Why a Great Company Isn't Always a Great Investment
Apple is one of the companies discussed in the video below, but this is just the opinion of two people. There is a debate raging as to whether Apple remains a buy today. The Motley Fool's senior technology analyst and managing bureau chief, Eric Bleeker, is prepared to fill you in on both reasons to buy and reasons to sell Apple, and what opportunities are left for the company (and more importantly, your portfolio) going forward. To get instant access to his latest thinking on Apple, simply click here now.
Austin Smith: Morgan, you made a point in an article recently that a great company doesn't always make a great investment. That's a difficult thing for people to understand because we always say, "Buy great companies," but of course you have to buy them at the right price.
So, I'm wondering if you could shed a little bit of light and provide some clarity on that distinction.
Morgan Housel: You just said the point yourself. It's great to buy good companies. You always want to do that, but you have to get them at the right price.
Two examples that I like to use to show why a great company doesn't always make a great investment are Microsoft in 2000 and Wal-Mart in 2000.
Morgan: From 2000 to, let's say 2010, Microsoft earnings did very well. Their earnings just about tripled, their revenue doubled, they really increased their dividend, they had some smart share buybacks. Microsoft, the company, did really well.
What happened to its stock? It fell about 60%.
Morgan: Why was that? It's because in 2000 it was just dramatically overvalued.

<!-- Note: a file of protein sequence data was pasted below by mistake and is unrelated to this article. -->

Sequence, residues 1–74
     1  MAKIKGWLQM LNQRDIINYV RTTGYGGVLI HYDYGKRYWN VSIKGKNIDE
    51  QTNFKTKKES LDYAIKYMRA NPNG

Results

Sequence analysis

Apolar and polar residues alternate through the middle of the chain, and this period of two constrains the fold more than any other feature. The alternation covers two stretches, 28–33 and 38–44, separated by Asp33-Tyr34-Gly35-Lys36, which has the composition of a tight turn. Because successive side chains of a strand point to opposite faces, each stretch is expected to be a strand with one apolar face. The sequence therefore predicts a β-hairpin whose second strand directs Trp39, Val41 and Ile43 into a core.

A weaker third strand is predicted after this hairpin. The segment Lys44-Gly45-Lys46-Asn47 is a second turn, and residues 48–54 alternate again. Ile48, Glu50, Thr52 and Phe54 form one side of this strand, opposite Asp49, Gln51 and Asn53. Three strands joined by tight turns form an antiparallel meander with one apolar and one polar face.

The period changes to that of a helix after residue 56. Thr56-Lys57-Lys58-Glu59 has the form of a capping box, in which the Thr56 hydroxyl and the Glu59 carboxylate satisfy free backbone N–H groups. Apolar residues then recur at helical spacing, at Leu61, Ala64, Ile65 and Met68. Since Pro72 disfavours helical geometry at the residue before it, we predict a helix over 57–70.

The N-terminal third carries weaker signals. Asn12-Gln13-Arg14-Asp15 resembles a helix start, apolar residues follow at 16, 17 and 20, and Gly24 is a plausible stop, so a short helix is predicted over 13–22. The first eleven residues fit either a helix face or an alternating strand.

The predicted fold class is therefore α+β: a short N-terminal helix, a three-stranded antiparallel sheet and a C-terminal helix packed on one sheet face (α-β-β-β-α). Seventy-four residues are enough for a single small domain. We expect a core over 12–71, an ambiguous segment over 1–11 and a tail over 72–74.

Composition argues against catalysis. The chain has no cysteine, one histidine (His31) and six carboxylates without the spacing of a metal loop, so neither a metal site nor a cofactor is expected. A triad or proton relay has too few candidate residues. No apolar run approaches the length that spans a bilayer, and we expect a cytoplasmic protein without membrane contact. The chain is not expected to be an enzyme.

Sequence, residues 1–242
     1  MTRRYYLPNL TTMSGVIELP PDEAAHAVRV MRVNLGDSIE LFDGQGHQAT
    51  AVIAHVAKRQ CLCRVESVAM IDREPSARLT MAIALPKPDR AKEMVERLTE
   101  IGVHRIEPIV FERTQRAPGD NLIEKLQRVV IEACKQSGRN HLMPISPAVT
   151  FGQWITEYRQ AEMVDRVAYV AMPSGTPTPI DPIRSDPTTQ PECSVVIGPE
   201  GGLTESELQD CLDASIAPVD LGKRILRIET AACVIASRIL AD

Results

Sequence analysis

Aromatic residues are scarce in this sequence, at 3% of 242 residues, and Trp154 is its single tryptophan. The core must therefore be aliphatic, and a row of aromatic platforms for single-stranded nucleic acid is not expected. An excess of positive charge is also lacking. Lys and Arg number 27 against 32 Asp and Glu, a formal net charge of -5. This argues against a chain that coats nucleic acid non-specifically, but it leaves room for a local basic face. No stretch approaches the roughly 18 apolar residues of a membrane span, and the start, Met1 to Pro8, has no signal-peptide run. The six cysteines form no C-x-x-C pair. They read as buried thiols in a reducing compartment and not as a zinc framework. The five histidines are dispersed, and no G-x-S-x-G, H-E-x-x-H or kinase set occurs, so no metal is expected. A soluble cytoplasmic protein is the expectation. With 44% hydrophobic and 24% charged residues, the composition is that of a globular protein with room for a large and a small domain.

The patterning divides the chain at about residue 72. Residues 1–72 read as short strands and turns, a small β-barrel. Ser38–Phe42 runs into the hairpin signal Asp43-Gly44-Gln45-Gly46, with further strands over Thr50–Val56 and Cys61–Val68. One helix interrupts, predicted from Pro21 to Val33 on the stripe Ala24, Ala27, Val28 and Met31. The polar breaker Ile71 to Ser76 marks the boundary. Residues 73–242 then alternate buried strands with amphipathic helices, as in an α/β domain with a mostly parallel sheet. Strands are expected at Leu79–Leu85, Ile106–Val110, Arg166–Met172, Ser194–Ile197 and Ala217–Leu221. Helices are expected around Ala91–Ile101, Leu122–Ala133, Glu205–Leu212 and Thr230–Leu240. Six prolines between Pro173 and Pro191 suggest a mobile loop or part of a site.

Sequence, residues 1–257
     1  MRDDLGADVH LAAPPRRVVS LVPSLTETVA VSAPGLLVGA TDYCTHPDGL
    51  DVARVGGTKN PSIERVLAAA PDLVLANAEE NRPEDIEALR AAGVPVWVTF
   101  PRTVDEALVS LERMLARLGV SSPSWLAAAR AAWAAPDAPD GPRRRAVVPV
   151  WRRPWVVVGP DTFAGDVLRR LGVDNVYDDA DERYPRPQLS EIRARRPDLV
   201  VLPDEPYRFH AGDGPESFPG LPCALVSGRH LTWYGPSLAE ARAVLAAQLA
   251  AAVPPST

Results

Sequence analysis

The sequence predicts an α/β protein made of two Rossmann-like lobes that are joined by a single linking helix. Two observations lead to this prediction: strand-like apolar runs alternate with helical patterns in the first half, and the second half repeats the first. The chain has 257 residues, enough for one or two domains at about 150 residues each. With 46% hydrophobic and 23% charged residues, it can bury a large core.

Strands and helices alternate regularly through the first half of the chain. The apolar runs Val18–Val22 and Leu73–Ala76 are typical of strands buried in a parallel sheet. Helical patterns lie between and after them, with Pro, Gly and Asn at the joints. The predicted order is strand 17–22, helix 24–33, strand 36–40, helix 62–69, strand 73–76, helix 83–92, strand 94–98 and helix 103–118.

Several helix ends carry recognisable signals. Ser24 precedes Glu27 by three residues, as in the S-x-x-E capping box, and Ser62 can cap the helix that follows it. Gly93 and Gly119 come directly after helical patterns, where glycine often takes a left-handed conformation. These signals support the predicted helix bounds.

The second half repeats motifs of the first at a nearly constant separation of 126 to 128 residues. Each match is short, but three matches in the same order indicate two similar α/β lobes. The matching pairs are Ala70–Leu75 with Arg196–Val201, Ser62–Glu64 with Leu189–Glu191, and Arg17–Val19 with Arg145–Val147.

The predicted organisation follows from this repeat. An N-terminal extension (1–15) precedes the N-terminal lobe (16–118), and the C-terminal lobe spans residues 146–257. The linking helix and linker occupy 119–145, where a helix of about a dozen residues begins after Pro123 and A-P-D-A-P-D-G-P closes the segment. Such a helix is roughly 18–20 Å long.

Morgan: So even though the company was performing very well, the stock returns were miserable.
It's the same thing with Wal-Mart. From 2000 to 2010, Wal-Mart the company did very well. You had really strong earnings growth, you had good strong dividends, really smart buybacks. What happened to the stock? It fell 50%.
Morgan: That too, if you go back to 2000, why did that happen? It's because Wal-Mart was just grossly overvalued in 2000.
To me, that's a really strong lesson -- that great companies at the wrong price are still going to undermine the investment thesis.
Austin: I take two very important takeaways from that. One, I look at a company like Amazon , a company that... there are a lot of Fools around the office who are very bullish on it, there are some who are bearish; it's a contentious company.
Personally, I just don't like the valuation. They're a tremendous company. I admire everything about them, but I just don't like the price that I'm paying for that company. I think you may see a similar situation to a Microsoft and a Wal-Mart, a decade out, where the company continues to grow but your share price just doesn't appreciate that much.
Morgan: You're paying so much for it that, when the company does grow, you're just not receiving that benefit through the shares.
Austin: Right, and now a flip side of that that I think a lot of people have missed right now is Apple . This is a company that, everybody looks at what happened to Microsoft and they say, "Well, it was a bad investment, and Apple is where Microsoft was in 2000."
The difference is that Microsoft was trading for about 70 times earnings in 2000. Apple's trading for about 12.
Morgan: Yeah, it's a very different situation there.
Austin: Right. A lot of people look at one situation and they overlay it without looking at the dynamics. Apple's trading for a very cheap valuation today, so Apple's an example of a great company at a great price. Microsoft in 2000 was a great company at the wrong price, and it makes all the difference.
Morgan: Exactly. Right.
Austin: OK, well I hope that helps clarify the point, the difference between a great company and a great investment. Fools, thanks for watching!
The article Why a Great Company Isn't Always a Great Investment originally appeared on Fool.com.Austin Smith owns shares of Apple. Fool contributor Morgan Housel owns shares of Wal-Mart Stores. The Motley Fool owns shares of Apple, Amazon.com, and Microsoft. Motley Fool newsletter services recommend Apple, Amazon.com, and Microsoft. Try any of our Foolish newsletter services free for 30 days. We Fools may not all hold the same opinions, but we all believe that considering a diverse range of insights makes us better investors. The Motley Fool has a disclosure policy.